Click on one of the boxes below to view the different structural features that form the blood-brain barrier.
The blood-brain barrier (BBB) is a dynamic interface between the peripheral circulation and the central nervous system (CNS). The basic element of the BBB, the neurovascular unit, is a complex structure composed of capillary endothelial cells (ECs), astrocytes, pericytes, and neurons. The anatomical integration of these cells and their interaction with additional perivascular elements form a selective diffusion barrier that regulates the movement of substances into and out of the CNS. Dysfunction of the BBB and the subsequent increase in infiltrating immune cells is associated with a multitude of neurological disorders including Alzheimer’s disease, Parkinson’s disease, and multiple sclerosis.
Brain ECs are connected to one another by a multifaceted junction complex comprised of tight and adherens junctions. Tight junctions are composed of the integral membrane proteins Occludin, Claudins, and Junctional Adhesion Molecules (JAMs), which hold cells in close apposition by binding homotypically to their respective molecule in adjacent ECs. These proteins also associate with a number of cytoplasmic proteins that contribute to the integrity of tight junctions. Zona Occludens (ZOs) bind to the C-termini of Occludins, Claudins, and JAMs via their PDZ domains and help assemble these proteins at tight junctions. ZOs also bind to F-Actin through their C-terminus, anchoring the transmembrane proteins to the Actin cytoskeleton. The multimolecular junction complexes are also tethered to the Actin cytoskeleton via their association with Afadin/AF-6. Afadin/AF-6 is an F-Actin binding protein that associates with ZO-1, and Cingulin, a cytoplasmic homodimer that can interact with ZOs, Afadin/AF-6, F-Actin and other Cingulin molecules. The essential cell adhesion molecule at adherens junctions in the BBB is VE-Cadherin. VE-Cadherin is linked to the Actin cytoskeleton through its association with alpha- and beta-Catenin.
Junction complexes in brain ECs seal the paracellular spaces between adjacent ECs, thereby restricting the movement of molecules between the blood and the brain. Additionally, brain ECs lack the fenestrations that characterize ECs throughout the rest of the body. As a consequence, only small lipid soluble molecules are able to passively pass through the BBB. Movement of most other molecules across the BBB is dependent on the presence of transporter proteins in brain ECs. Influx transporters facilitate the uptake of essential molecules, such as glucose, amino acids, and ions, from the blood into the brain while efflux transporters clear metabolic wastes and neurotoxic compounds from the brain and prevent harmful substances from entering it. Main efflux transporter families include ATP-binding Cassette (ABC) transporters and Organic Anion Transport (OAT) systems. The expression levels of these transporter proteins vary between the luminal and abluminal membrane surfaces of the ECs, between cell types in the neurovascular unit, and between brain regions.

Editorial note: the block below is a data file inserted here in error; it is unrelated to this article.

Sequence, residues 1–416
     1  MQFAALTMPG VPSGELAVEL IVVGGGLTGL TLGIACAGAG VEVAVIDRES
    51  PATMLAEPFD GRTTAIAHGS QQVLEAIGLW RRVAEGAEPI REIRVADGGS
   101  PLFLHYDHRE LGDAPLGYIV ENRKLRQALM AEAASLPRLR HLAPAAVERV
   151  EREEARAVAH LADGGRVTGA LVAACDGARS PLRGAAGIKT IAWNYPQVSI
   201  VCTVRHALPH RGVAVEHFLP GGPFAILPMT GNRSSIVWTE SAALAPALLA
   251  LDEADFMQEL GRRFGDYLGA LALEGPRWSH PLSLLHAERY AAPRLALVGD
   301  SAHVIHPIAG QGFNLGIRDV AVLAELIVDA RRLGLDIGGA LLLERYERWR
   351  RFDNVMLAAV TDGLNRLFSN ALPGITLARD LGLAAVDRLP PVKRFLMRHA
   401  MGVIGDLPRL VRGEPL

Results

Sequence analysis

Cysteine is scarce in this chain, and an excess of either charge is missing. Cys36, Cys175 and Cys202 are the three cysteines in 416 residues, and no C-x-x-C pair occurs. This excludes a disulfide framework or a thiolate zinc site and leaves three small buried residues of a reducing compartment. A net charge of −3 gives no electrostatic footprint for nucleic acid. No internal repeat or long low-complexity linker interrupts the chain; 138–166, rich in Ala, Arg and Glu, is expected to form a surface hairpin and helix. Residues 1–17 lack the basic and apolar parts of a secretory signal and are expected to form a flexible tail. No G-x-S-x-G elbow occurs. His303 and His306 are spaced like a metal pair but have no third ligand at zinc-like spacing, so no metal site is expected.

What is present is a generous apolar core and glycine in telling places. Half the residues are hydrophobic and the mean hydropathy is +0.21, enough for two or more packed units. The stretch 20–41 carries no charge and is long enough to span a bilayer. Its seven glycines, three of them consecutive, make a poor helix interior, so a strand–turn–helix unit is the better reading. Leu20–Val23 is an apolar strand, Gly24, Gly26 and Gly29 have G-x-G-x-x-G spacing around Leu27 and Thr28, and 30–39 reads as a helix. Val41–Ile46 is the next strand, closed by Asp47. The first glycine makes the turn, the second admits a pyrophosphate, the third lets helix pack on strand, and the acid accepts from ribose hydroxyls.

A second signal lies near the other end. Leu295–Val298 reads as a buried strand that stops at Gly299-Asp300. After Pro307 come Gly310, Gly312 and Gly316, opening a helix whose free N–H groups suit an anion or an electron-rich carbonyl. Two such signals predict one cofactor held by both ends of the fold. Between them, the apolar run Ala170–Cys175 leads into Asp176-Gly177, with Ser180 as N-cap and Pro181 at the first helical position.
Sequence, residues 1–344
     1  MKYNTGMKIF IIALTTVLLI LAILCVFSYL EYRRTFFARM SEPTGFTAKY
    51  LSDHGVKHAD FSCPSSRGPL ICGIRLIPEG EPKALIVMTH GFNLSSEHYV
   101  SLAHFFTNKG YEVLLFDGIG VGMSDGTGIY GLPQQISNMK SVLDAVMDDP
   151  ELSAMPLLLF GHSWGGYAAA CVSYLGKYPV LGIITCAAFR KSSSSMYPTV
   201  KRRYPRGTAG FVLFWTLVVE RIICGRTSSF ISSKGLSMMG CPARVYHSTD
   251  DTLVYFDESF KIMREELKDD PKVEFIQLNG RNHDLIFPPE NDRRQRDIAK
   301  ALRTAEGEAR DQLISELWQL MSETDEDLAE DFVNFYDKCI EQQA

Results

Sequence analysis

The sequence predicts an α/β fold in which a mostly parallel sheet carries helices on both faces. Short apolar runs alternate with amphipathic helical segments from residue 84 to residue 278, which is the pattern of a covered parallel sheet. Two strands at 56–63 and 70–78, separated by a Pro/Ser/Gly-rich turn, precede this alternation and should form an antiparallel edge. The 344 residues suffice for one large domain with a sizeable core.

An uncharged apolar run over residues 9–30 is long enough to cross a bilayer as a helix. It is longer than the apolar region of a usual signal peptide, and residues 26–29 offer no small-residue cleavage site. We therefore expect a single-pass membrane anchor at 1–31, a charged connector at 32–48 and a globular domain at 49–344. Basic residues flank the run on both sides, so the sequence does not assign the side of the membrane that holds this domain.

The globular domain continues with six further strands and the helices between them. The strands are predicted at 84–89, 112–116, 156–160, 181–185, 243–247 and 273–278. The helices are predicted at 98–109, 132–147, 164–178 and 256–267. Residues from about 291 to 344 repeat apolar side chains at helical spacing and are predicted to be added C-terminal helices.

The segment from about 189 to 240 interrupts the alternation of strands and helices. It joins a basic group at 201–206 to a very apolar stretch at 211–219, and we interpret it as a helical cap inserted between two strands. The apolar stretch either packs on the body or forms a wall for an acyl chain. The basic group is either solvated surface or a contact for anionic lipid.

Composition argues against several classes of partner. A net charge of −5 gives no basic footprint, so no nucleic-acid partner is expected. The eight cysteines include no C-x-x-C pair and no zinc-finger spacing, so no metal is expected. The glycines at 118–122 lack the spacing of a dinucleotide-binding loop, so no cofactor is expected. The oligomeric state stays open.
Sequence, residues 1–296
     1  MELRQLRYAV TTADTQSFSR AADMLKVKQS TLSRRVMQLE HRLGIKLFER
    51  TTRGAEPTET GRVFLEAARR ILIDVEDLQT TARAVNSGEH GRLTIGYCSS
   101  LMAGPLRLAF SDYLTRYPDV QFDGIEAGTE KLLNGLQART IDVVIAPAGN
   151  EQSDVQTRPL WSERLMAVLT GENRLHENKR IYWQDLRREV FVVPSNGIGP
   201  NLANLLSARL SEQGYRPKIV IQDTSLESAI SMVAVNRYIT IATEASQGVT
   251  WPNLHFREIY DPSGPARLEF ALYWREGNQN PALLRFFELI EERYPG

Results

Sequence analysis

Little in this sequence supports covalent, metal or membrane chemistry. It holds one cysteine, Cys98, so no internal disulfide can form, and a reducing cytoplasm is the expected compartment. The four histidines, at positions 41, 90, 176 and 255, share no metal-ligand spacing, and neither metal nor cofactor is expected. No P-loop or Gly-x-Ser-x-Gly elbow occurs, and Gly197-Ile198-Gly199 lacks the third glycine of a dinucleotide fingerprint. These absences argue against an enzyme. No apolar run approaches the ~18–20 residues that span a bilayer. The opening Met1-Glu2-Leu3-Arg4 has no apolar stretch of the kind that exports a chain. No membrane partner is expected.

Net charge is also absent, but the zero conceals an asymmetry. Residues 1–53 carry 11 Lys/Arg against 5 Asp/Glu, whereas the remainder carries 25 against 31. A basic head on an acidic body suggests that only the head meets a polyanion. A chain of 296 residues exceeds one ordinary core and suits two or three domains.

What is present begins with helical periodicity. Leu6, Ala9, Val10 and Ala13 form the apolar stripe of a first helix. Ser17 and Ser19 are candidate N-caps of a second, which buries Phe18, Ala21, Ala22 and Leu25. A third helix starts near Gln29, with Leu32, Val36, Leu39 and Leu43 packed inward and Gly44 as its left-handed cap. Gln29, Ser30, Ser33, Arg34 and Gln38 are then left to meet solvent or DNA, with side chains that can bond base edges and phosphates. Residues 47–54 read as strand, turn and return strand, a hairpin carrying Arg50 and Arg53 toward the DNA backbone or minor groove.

In the neurovascular unit, brain capillaries are surrounded by or closely associated with several different cell types including astrocytes and pericytes. Astrocytes are pivotal for the formation and maintenance of the BBB. They support the integrity of tight junctions and regulate the expression and localization of transporter proteins. These cells also link brain ECs to nearby neurons. Astrocytes and ECs bind to extracellular matrix (ECM) proteins of the basement membrane via ECM receptors, such as Dystroglycan and Integrins. Proteins of the ECM help regulate the integrity of the BBB. Many pathological states of the CNS rapidly alter the expression and proteolysis of ECM components, resulting in degradation of the basement membrane and disruption of the BBB. Pericytes are cells of microvessels that are localized to the abluminal membrane of ECs and wrap around the vessel. They are important for maturation and stabilization of EC contacts and astrocyte adhesion. Pericytes and ECs also share a common basement membrane. In areas where there is no basement membrane, pericytes and ECs are connected by direct peg and socket contacts that contain cell-to-cell junction proteins.
To learn more, please visit our Blood-brain Barrier Permeability Research Area.